Common Transforms


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This section deals with some common transforms for continuous variables:


Please note that other transformations can be achieved by applying a function to a column of data as described below.


Transforming a variable changes its measurement scale. Reasons for transformation include stabilizing variance, linearising relationships, normalizing distributions and making data easier to handle numerically (Armitage and Berry, 1994; Bland and Altman, 1996c). Details of the above transformations are discussed under their own titles, here we consider how to deal with other transformations, for example a power transform:



Example, for square root apply function v1^.5 or sqr(v1), for standardized version (v1^.5-1)/.5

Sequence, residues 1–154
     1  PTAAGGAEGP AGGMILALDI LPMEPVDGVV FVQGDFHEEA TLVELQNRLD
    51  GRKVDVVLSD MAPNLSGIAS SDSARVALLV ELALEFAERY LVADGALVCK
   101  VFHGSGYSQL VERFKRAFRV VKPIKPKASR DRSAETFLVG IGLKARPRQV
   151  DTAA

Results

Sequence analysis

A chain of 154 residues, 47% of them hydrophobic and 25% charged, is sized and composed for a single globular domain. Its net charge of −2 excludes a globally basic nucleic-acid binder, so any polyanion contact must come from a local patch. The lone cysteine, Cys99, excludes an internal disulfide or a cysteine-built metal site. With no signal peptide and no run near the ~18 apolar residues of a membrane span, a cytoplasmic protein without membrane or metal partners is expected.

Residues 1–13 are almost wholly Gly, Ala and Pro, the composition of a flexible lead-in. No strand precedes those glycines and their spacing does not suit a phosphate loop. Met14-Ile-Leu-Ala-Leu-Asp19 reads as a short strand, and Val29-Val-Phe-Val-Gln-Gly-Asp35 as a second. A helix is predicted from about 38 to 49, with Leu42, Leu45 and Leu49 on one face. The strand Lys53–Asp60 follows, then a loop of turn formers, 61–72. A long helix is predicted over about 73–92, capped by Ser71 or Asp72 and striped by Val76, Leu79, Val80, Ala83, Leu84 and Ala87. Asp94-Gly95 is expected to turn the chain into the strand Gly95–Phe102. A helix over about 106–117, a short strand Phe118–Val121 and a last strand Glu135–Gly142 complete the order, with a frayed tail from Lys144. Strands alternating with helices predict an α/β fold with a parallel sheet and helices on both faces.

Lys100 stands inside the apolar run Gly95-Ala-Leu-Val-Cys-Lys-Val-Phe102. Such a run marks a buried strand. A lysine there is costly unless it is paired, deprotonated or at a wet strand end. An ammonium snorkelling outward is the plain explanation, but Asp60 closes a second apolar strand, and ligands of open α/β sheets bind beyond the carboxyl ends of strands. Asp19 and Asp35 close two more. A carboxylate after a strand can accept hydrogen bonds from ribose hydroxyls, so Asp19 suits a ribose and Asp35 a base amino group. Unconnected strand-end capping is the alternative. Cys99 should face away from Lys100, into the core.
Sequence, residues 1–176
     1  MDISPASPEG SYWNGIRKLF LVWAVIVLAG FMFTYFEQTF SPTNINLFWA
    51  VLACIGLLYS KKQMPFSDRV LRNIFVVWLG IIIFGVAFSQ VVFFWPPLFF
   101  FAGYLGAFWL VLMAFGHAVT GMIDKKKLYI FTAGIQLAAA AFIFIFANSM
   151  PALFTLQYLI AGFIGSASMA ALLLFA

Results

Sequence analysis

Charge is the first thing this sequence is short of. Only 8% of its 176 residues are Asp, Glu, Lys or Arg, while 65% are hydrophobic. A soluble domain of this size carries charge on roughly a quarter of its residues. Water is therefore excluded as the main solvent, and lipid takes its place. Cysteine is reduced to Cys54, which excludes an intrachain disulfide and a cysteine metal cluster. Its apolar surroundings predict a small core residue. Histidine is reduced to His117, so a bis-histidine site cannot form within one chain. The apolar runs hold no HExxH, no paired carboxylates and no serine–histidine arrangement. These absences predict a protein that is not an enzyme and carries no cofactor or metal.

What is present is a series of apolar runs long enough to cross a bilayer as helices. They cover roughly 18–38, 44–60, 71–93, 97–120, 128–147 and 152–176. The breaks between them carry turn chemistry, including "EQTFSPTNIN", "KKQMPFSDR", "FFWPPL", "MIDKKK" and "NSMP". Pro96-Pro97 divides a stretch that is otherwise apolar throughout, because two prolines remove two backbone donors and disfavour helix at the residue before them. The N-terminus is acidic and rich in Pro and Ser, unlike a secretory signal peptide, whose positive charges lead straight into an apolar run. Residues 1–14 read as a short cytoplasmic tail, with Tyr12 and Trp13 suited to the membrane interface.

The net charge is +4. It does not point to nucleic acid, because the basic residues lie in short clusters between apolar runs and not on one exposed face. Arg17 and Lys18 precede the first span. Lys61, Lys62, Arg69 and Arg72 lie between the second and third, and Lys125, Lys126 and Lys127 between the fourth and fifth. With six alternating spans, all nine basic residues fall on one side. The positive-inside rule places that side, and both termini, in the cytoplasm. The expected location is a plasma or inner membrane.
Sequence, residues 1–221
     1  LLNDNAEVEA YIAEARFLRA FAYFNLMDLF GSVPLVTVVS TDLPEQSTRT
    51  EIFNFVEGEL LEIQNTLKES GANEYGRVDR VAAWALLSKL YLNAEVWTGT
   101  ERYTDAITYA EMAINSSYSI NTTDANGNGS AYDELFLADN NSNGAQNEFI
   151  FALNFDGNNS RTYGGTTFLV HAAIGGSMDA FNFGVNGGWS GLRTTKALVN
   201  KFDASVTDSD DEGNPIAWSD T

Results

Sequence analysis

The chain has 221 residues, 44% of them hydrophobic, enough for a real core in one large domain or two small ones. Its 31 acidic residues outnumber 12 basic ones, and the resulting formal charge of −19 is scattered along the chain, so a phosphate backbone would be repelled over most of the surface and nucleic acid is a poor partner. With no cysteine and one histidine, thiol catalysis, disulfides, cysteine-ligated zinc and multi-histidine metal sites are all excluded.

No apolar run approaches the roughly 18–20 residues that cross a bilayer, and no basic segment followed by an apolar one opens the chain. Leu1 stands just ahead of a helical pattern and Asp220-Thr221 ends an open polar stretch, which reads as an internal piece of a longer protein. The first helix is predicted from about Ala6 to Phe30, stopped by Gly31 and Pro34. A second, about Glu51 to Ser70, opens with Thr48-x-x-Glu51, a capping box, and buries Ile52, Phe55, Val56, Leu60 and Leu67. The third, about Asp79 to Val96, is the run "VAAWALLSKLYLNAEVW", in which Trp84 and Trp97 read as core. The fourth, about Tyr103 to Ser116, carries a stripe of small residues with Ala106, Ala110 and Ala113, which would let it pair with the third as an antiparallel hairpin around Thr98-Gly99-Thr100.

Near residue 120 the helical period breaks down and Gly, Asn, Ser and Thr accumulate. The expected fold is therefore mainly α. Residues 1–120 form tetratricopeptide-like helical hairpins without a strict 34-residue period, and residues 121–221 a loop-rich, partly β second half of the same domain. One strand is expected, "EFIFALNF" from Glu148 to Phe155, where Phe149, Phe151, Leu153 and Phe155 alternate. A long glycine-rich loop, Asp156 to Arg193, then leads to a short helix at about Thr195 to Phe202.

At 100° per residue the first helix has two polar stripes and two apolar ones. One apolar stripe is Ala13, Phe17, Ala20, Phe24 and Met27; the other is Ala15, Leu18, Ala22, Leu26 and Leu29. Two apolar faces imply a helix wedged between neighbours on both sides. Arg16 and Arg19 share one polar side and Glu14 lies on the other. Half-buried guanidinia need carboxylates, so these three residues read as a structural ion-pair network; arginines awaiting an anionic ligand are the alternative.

Limitation, v1 must be ≥ 0.


Standardized form: y = (x^c-1) / c


For c = 0.5 (square root):

Variance of x can be stabilized especially with Poisson distributed data.


For c = -1 (reciprocal):

Variance of x can be stabilized with distant high outliers, e.g. very long survival times compared with mainly shorter ones.


For c = 2 (square):

Variance can be stabilized when var(x) decreases with increasing x and with negatively skewed x.



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